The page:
Congratulations to rising-9th grader Rachel Wang ’25 for reaching the semifinal round of the 2021 U.S. National Table Tennis Championships in the girls’ singles U15 division! Playing in Las Vegas last week, Rachel finished in the top 8 of all players in her age group, nationally. #GoChargers!

Written by Dan Smith, Digital Content Producer and Social Media Manager

Athletics

Varsity cross country teams take TISAC trophy

Faculty Reflections

At the heart of the Middle School

Community

A message of support of our Asian and Asian-American community

Ella Gupta 23

Upper School

Sophomore writes the book on financial literacy for her generation, literally

June 3, 2021

As the COVID-19 pandemic revealed significant economic disparities across the American economic landscape, Ella Gupta ’23 realized that there wasn’t anyone guiding her generation on how to save and spend wisely. So, she decided to write the guide herself.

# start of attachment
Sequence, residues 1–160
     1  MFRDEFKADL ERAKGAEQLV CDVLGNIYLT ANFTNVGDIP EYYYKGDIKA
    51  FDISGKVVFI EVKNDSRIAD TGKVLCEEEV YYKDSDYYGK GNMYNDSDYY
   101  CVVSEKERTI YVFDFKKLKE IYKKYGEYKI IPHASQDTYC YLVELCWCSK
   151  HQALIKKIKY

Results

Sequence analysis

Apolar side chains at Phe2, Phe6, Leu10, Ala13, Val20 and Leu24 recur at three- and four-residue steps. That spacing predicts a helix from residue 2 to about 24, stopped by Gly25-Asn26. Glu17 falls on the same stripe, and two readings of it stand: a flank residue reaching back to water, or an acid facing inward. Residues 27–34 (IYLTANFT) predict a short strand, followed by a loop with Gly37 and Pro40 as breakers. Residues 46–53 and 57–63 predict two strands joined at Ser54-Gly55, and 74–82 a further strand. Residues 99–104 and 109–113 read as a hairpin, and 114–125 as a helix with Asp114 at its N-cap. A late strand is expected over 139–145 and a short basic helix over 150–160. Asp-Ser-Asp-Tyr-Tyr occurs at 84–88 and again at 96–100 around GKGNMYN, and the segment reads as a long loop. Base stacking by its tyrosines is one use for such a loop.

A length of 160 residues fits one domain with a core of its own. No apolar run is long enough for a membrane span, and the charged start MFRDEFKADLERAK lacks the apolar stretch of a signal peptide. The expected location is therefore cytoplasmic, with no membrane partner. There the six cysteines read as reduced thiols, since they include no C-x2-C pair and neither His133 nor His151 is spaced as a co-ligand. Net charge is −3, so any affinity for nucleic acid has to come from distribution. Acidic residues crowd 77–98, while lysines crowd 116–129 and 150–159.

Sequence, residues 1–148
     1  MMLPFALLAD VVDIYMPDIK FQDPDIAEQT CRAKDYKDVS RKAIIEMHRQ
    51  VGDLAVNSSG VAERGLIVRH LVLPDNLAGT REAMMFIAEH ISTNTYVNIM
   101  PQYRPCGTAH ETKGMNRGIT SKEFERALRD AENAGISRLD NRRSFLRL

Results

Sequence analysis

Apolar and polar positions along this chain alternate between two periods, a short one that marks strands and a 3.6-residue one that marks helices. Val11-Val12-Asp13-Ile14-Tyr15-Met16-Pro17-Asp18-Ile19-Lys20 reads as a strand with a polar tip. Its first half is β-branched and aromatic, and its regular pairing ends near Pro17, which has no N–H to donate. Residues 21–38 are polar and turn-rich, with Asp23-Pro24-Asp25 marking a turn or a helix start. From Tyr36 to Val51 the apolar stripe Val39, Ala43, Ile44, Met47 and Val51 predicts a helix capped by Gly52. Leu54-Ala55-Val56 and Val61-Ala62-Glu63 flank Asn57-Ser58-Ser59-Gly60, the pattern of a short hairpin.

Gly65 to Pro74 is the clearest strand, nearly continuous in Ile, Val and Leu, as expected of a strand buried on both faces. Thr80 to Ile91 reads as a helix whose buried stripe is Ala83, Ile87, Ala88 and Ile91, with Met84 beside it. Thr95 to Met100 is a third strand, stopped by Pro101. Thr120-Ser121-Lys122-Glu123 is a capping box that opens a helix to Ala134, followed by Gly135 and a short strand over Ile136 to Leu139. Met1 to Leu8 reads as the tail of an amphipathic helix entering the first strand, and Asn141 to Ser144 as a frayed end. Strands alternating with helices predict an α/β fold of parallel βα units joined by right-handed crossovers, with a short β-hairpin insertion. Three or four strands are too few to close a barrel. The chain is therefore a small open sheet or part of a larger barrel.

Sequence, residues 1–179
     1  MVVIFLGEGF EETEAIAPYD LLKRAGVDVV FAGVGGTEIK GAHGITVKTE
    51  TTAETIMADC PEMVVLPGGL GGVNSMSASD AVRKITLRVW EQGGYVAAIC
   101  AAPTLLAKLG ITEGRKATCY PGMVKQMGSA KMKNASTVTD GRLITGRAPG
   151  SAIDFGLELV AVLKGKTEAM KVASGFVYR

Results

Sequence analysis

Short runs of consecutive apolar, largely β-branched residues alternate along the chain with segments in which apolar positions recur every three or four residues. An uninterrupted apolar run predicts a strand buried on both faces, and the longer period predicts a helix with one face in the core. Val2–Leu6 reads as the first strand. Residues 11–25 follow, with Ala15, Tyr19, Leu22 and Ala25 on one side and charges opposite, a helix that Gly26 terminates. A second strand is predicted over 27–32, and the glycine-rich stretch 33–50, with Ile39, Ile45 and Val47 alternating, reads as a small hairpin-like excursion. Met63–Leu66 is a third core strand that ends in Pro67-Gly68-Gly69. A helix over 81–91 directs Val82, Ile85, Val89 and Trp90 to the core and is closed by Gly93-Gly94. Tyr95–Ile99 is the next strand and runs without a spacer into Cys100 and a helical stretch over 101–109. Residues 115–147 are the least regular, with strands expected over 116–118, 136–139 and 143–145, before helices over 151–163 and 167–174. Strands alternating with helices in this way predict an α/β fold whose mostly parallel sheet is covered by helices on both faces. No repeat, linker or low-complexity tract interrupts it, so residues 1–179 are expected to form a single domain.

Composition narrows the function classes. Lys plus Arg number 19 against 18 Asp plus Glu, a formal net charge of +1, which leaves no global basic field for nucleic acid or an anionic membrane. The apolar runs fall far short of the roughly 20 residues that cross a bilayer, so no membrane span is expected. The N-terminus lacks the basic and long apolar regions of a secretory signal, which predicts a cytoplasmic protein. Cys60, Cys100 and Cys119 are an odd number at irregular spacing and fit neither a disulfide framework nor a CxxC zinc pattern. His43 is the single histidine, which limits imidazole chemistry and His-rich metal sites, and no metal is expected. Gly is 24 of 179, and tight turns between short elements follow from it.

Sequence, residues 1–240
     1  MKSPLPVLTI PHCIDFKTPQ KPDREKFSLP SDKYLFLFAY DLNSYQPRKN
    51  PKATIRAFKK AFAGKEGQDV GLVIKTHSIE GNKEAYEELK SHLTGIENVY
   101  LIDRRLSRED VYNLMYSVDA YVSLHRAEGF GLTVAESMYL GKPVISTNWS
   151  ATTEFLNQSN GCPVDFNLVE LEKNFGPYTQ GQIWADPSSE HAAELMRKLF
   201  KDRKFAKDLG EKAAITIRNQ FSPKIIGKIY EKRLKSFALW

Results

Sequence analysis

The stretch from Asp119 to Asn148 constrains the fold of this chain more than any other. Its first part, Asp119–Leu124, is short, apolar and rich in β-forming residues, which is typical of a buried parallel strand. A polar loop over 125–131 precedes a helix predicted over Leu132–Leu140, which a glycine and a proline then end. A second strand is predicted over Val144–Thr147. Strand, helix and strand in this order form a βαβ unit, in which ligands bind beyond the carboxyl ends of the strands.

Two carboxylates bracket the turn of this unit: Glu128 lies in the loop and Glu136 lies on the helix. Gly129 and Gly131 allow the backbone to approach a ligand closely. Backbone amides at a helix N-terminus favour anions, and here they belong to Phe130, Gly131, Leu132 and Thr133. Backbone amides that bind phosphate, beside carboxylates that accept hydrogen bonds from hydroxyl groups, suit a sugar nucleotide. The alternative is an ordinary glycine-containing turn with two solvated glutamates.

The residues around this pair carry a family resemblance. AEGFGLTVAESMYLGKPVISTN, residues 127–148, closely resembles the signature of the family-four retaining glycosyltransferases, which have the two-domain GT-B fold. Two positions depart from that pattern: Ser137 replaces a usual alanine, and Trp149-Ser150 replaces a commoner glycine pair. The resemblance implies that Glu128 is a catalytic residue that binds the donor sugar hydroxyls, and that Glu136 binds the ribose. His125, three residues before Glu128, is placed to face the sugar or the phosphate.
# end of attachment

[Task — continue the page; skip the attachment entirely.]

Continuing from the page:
“I was shocked by the wealth disparities for people of color, and I saw a lack of financial literacy, in general, for young people in our society. It’s not a topic commonly found in school curriculums,” shares Gupta. “So, I decided to write the book I felt was missing. There are tons of financial guides on the market for millennials, but not for Gen Z.”

Over the past year, while balancing virtual and in person learning, Gupta — whose personal financial passion began at age 10 with a business selling rainbow loom bracelets — was also hard at work on Gen Z Money $ense: A Personal Finance and Investing Guide, now available at major bookstores, from New Degree Press.